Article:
How Community and Bicycling Advocacy Achieved an Extreme Road Makeover…
By Bob Beane, Randy Victory and Daniel Paduchowski
Photos by Carla Riedel and Bob Beane
This article originally appeared as the cover story of the Mar/Apr 2011 issue of American Bicyclist magazine [full issue; see cover, story starts on p.11].
A certain well-known television show begins with a deserving family in need of a new home. Designers get to know the family’s needs, wishes and desires, and then a village comes together to demolish their dysfunctional house and reconstruct a home that exceeds their expectations.
Apply that concept to a roadway project, and you have some idea of what has just been achieved on one of this country’s most scenic stretches of road: Arizona Highway 179 between the City of Sedona and the Village of Oak Creek. The end product is a well-designed multi-modal corridor that has been designated an All American Road. On August 21,
bicyclists from the area and around Arizona rode the highway, joined in celebrating the completion of the Red Rock Road and heard Sedona Mayor Rob Adams declare his intention for Sedona to achieve LAB Bicycle Friendly Community status.
As a matter of geography, Sedona and the Village of Oak Creek are nestled near the banks of Oak Creek in the Verde Valley of north central Arizona, about two hours north of Phoenix. Both communities are surrounded by stunning red and white sandstone cliffs and slick rock, making the area a much visited destination for tourists, photographers, hikers and mountain bikers.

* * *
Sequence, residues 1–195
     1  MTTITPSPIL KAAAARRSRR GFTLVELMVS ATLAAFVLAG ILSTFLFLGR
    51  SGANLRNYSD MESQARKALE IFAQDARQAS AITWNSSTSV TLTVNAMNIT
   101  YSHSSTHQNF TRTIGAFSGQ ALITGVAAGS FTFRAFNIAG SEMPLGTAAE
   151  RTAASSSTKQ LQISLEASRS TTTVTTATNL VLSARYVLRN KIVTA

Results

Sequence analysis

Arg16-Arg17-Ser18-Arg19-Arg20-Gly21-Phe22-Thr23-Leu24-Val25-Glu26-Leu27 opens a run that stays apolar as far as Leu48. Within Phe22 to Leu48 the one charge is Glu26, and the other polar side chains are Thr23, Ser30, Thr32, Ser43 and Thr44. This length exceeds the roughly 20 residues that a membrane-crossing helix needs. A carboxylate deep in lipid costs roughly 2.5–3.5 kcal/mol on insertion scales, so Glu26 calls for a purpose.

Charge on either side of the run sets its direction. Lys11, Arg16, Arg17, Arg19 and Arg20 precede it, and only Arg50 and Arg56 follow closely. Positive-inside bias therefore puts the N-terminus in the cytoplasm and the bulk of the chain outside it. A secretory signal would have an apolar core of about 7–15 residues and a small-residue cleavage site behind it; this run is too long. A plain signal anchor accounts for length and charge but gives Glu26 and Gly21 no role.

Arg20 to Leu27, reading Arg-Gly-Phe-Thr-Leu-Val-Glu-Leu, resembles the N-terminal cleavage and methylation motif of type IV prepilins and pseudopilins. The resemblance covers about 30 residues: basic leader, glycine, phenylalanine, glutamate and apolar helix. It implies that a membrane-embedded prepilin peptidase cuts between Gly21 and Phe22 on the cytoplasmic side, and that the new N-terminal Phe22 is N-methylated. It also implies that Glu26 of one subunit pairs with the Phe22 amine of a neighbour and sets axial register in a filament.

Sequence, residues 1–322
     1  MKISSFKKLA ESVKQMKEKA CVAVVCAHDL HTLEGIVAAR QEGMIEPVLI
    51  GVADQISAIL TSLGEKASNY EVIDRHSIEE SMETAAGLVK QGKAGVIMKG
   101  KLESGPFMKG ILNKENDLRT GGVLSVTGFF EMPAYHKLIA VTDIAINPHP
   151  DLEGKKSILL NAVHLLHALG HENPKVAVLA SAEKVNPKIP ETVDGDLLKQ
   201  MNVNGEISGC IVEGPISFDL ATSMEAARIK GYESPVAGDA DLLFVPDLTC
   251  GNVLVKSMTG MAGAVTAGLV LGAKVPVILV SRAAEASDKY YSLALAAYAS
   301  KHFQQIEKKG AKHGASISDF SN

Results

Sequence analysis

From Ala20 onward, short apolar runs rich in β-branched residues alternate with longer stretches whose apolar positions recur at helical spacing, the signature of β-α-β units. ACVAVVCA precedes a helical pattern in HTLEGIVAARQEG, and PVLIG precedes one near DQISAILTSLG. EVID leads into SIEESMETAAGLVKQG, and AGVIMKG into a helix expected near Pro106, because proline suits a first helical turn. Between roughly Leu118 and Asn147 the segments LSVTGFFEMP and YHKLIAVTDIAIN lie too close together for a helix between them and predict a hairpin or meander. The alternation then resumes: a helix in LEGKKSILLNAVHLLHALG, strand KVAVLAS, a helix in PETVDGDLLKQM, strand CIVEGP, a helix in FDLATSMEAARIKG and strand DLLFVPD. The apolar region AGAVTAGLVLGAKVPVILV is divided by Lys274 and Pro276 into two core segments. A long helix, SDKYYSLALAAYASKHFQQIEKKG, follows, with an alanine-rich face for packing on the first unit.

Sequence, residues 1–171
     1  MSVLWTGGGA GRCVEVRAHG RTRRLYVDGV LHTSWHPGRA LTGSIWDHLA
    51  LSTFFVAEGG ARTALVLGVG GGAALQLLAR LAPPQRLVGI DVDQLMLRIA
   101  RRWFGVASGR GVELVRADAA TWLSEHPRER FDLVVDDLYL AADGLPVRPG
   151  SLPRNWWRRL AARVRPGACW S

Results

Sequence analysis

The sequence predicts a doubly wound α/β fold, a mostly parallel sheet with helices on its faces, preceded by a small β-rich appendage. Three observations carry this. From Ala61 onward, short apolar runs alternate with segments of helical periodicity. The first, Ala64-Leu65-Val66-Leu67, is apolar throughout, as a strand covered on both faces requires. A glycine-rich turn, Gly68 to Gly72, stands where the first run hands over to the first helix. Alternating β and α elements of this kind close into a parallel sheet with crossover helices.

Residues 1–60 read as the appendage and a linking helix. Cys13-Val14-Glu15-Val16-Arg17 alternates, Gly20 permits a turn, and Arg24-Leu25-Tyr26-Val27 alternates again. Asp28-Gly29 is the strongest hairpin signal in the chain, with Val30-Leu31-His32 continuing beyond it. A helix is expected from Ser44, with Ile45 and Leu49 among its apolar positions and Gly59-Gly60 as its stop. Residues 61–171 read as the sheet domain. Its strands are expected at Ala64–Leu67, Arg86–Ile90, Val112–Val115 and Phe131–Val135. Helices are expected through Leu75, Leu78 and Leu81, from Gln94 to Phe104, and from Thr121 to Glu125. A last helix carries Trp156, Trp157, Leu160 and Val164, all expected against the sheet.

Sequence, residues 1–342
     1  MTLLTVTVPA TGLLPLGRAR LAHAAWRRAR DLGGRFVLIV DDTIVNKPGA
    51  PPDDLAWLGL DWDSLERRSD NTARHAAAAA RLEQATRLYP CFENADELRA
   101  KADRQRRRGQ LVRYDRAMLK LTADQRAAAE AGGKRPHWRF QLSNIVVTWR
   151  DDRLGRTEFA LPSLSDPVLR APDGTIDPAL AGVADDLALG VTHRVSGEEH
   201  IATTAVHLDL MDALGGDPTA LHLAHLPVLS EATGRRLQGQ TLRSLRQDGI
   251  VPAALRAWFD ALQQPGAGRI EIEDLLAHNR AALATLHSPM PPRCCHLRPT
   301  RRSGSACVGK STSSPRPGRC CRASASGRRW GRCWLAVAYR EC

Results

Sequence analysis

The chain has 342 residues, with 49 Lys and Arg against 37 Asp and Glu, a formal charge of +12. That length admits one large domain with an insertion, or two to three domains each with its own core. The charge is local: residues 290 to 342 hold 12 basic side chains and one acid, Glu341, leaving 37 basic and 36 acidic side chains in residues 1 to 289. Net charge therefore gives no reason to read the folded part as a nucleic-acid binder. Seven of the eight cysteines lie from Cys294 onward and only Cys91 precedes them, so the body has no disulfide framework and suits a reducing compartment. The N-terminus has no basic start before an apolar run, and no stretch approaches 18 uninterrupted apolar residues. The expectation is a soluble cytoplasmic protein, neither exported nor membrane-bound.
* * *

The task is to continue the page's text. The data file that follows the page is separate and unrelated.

For years, the Arizona Department of Transportation (ADOT) had known that something needed to be done about Highway 179. It was an up-and-down two-lane road, with no shoulder, blind corners and which couldn’t handle the load of weekend/holiday traffic without bumper-to-bumper back-ups for miles. Bicycling on the road was out of the question for most commuting and recreational cyclists.
Nearly a decade ago there was reportedly a conclusion made at ADOT that Highway 179 should be reconstructed as a four-lane highway, more akin to the limited-access interstate highway system profile. Once the word got out in the Sedona/VOC area, there was uproar. To ADOT’s credit, they listened to their constituents, and began the first “Context Sensitive Solution” roadway project in Arizona history. A process was begun to solve the traffic problems in a way that met the other needs, wishes and desires of local residents. Local cyclist Ian Wickson almost singlehandedly drafted an influential proposal for bicycle accommodation which is still viewed as a model document by some ADOT planners and project managers.